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Venezuela has been rocked in recent weeks by almost daily protests and counter-protests, as right-wing opponents of socialist President Nicolas Maduro seek to bring down his government.

While the media portrays these events as a popular rebellion against an authoritarian government, supporters of the pro-poor Bolivarian revolution initiated by former president Hugo Chavez say the country is witnessing an escalation in what is an ongoing counter-revolutionary campaign seeking to restore Venezuela’s traditional elites in power and reverse the gains made by the poor majority under Chavez and Maduro.

Media coverage encouraged and inflamed Britain’s referendum campaign on whether to leave the European Union last year to make it the “most divisive, hostile, negative and fear-provoking” in British history, according to a new report.

King’s College London’s Centre for the Study of Media, Communication and Power (CMCP) analysed more than 15,000 articles published online by 20 national news outlets. It found the media coverage “acrimonious and divisive” and dominated by “overwhelmingly negative” reports about the consequences of migration to Britain.

Staff at the Sydney Morning Herald and The Age have voted to strike for a week following Fairfax Media's announcement that it will cut 125 editorial jobs —a quarter of its journalists — as part of a $30-million restructure.

Staff were informed of the job cuts by email and in a meeting with editorial director Sean Aylmer on May 3. They have been given until May 9 to nominate for a voluntary redundancy.

Venezuela is in flames. Or at least parts of it are.

Since April 4, right-wing opposition militants have carried targeted acts of violence, vandalism and arson. They are deliberately clashing with security forces in a bid to plunge the country into chaos and forcefully remove the elected socialist government.

It is the continuation of an 18 year effort to topple the Bolivarian revolution by any means necessary — although you may have seen it miraculously recast in the mainstream media as “promoting a return to democracy.

Palestinian journalist Muhammad al-Qiq has begun a new hunger strike in protest of how Israel has once again detained him without charge or trial.

A trade union leader who has been in the forefront of industrial action for more than a month against Sri Lanka’s main telecommunications provider has gone missing after court orders banning protests led by his union.

The wife of M Sujeewa Mangala, the vice-president of the All Ceylon Telecommunication Employees’ Union, has lodged a complaint at a police station in the Colombo suburbs that her husband did not come home on December 29 as expected.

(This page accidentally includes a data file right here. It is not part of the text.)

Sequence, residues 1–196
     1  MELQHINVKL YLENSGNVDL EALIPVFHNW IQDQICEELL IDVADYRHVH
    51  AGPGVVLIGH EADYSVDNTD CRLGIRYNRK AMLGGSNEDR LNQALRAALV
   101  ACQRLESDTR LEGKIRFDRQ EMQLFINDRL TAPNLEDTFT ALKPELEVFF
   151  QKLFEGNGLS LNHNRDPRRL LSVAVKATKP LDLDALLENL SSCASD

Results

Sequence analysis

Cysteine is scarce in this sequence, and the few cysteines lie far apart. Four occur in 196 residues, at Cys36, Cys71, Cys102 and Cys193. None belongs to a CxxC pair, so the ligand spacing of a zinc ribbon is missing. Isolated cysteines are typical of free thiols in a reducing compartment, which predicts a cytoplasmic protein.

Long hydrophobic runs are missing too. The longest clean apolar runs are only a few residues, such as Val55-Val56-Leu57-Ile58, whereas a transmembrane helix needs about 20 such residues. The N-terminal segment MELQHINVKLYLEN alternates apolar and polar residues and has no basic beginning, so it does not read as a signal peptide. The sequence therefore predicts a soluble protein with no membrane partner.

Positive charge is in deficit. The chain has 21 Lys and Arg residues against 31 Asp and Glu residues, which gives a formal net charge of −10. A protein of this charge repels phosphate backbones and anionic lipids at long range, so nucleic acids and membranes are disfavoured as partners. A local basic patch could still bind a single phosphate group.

The crackdown by the Turkish regime of President Recep Tayyip Erdoğan against the democratic and left-wing opposition, independent media and the Kurdish population has intensified. On October 25, co-mayors of the the Diyarbakır (Amed) Metropolitan Municipality, Gültan Kışanak and Fırat Anlı, members of the Kurdish Democratic Regions Party (DBP), were arrested.

Free Women’s Congress (KJA) spokesperson Ayla Akat Ata was detained at a protest calling for Kışanak and Anlı's release and is now facing terrorism charges alongside them.

The announcement from Venezuela's electoral authority on October 20 that it would head a court ruling and not proceed with a recall referendum has unleashed yet another wave of critical articles and opinion pieces throughout the English-speaking media, labeling Venezuela government as “authoritarian” or even a “dictatorship.”

Pitched Battle: In the Frontline of the 1971 Springbok Tour of Australia By Larry Writer Scribe Melbourne, 2016 336pp, $35.00

“Sport and politics don’t mix” is often heard from politicians and media commentators when people target sporting events in acts of protest or athletes use their chosen sports to make political statement — for example Muhammad Ali and, more recently, US NFL star Colin Kaepernick. However, sport is often politicised in many different ways by the ruling class to reinforce the status quo.

Play On! The Hidden History of Women’s Australian Rules Football
Brunette Lenkić and Rob Hess
Echo Publishing 2016,
324 pages

In a landmark development, the first national women’s Australian Football competition — AFL Women’s — will be launched next February. But a century ago, attitudes to women playing the game were very different.

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